🎛️Logistics:Managing the logistics of pumping and feeding your baby involves intricate planning and organization—keeping track of pumping schedules, milk storage, sterilization, and bottle preparation

🎢Physical and Emotional Demands: Exclusive pumping can be physically and emotionally demanding. It requires resilience and perseverance to maintain a steady milk supply while

Remember, You Are Incredible:

- Your dedication is extraordinary. Unlesss they’ve done it before, people don’t understand that exclusive pumping (or triple feeding) is like having twins. It’s not **just pumping**, it’s feeding two babies, one is just electronic

- It's okay to feel overwhelmed or exhausted at times. Stay hydrated. Make sure you have plenty of snacks. Naming your pump can help some feel more connected to the process. Find support to make sure you have a quality pump and the right size flanges as well as help with pump schedules to make sure you reach your goals

- Celebrate your achievements. Every ounce of milk pumped is a testament to your determination to reach your feeding goals

This message is a reminder of the incredible dedication and love that goes into exclusive pumping. It's important to acknowledge the challenges while also celebrating the immense strength and resilience of parents who undertake this journey

What medicine can I take while being sick and still breastfeeding?

There is nothing worse than being sick. It’s even harder when you still need to breastfeed when all you want to do is sleep and there’s nothing that sounds good to eat or drink. So what can you take get help feel better fast? There are still safe medications and herbs/supplements. Thomas Hale wrote the textbook on medications and breast milk and categorized medications as follows:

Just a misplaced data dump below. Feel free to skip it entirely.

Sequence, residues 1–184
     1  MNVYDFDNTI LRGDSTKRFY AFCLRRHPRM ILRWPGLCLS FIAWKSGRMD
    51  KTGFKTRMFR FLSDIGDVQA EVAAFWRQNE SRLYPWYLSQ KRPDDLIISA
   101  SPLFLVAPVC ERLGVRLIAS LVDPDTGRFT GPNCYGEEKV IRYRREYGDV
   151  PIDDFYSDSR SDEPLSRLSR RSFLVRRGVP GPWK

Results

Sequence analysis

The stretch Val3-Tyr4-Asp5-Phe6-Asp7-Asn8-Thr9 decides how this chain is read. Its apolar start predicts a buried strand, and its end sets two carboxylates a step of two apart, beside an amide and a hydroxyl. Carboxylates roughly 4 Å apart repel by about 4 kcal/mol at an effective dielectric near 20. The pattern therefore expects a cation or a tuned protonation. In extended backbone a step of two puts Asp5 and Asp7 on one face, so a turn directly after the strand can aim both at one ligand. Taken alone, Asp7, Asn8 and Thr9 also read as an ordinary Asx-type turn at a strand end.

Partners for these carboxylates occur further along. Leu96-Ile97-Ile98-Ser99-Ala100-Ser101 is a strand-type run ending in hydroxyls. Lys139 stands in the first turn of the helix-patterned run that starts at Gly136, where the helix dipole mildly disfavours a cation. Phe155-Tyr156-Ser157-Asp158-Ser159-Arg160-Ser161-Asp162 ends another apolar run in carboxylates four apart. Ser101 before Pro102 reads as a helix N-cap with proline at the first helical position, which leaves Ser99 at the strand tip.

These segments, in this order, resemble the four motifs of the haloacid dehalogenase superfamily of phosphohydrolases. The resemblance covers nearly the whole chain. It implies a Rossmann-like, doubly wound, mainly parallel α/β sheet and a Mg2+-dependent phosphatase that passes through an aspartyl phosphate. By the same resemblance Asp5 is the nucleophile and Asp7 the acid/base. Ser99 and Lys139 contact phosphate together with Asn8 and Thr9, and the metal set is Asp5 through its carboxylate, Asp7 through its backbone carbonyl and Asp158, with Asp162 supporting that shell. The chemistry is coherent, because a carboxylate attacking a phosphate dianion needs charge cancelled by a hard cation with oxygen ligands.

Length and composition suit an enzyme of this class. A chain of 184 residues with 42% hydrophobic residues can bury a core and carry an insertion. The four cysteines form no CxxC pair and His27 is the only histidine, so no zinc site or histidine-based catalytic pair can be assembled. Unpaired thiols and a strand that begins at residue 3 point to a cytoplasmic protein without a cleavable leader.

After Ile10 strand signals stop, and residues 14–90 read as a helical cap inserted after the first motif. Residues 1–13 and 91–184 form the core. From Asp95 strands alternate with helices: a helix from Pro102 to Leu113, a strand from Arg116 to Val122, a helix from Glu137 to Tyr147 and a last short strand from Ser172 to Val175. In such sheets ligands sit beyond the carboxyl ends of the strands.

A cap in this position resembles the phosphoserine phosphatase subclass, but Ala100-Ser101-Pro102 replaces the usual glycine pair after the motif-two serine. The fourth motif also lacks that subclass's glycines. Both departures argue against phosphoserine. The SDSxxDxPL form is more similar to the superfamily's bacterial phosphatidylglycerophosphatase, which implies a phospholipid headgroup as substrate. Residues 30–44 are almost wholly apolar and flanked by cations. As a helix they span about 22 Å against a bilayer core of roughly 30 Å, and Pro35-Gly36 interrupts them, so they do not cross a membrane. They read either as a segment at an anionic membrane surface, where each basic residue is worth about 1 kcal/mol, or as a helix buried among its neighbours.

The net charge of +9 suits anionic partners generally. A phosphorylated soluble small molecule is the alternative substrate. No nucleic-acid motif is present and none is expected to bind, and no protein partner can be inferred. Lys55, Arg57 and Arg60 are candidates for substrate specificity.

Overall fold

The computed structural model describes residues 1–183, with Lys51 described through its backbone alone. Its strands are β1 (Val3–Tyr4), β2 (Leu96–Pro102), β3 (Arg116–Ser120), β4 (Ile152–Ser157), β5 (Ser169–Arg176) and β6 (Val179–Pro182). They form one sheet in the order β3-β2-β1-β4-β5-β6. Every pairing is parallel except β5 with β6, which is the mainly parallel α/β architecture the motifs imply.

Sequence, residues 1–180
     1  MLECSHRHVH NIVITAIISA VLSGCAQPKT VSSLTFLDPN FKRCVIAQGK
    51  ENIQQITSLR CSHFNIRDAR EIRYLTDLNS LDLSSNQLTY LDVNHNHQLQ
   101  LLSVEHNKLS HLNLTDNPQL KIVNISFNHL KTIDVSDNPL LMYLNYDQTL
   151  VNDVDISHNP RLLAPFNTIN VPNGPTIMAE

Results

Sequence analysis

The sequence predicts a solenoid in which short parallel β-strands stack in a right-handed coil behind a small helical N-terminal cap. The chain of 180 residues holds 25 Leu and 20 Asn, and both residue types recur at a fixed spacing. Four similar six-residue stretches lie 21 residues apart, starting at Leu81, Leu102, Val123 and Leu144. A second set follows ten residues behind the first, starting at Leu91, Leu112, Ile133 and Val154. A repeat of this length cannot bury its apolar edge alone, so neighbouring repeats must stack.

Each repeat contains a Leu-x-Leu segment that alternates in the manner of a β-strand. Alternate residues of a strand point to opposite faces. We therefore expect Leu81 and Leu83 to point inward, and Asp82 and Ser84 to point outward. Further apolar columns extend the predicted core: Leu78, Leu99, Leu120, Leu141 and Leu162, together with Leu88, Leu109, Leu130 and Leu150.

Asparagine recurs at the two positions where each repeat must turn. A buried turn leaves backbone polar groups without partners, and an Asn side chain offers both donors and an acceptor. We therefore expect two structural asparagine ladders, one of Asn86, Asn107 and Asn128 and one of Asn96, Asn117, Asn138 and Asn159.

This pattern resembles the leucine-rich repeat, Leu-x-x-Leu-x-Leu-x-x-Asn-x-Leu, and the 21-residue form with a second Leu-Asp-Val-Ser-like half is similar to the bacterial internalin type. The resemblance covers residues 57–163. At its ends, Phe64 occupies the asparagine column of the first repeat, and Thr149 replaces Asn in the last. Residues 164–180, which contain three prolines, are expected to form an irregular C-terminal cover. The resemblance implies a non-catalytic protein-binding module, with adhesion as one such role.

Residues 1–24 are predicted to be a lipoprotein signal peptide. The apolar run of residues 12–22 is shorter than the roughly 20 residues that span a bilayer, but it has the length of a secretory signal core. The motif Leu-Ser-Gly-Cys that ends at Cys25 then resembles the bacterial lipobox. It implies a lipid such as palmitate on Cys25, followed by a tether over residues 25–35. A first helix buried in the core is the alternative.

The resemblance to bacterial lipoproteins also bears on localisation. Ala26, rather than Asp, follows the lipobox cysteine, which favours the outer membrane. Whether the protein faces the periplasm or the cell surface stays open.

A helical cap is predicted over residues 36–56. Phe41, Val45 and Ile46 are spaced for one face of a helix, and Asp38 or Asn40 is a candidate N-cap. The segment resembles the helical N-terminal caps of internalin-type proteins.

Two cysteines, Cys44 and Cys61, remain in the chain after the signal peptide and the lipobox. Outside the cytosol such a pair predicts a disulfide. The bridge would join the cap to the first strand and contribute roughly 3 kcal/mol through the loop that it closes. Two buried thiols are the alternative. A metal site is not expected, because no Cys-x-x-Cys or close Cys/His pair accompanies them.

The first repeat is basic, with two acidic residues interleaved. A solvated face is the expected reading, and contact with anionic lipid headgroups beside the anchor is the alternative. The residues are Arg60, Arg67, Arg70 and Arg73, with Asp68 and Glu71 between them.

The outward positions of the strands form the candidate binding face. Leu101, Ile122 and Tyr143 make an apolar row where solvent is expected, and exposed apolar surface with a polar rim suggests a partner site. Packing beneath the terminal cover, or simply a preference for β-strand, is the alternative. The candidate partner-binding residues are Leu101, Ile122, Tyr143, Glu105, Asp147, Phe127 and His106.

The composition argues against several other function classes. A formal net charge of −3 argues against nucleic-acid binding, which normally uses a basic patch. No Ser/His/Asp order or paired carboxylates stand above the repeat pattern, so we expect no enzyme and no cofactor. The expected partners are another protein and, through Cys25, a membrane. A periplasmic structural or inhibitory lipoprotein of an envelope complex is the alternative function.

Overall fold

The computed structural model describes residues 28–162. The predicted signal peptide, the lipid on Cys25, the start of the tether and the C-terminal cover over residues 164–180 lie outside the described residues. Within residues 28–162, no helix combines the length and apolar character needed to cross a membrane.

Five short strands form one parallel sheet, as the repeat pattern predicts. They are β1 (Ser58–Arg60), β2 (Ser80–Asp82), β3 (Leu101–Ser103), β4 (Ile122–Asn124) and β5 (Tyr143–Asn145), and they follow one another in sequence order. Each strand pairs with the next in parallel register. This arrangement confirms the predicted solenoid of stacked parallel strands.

L1 Safest
L2 Safer
L3 Probably safe
L4 Possibly hazardous
L5 Hazardous

🤒Pain and fever
👍🏼Ibuprofen (Motrin/advil), acetaminophen (Tylenol), and paracetamol (L1) are safe to take while breastfeeding.
👎🏻Aspirin (L2) can pass into human milk and cause a serious condition called Reye’s syndrome in baby. Reye’s syndrome is associated with brain and liver damage.
👎🏻Use of codeine is not recommended while breastfeeding. If essential, and only where there is no alternative, it should be at the lowest effective dose, for the shortest possible duration and you should stop taking it and seek medical advice, if you notices side effects in baby such as:

  • Breathing Problems
  • Lethargy
  • Poor Feeding
  • Drowsiness
  • Bradycardia (slow heart beat)

🤧Sinus congestion
👍🏼Saline rinse L1
👍🏼Afrin and Nasacort L3 Because these medicines are not absorbed well from the nasal passages, they don’t have the same effect on milk supply that decongestants taken by mouth can have.
👎🏻Pseudoephedrine L3
Medications containing pseudoephedrine (Sudafed, Zyrtec D) — use with caution because they can decrease milk supply

😮‍💨Cough/chest congestion
👍🏼Guaifenesin (Robitussin/Mucinex) L2
👍🏼Dextromethorphan (Robitussin DM/Delsym) L3 The amounts of dextromethorphan and its active metabolite in breastmilk are very low and are not expected to affect the nursing infant. It is best to avoid the use of products with a high alcohol content while nursing.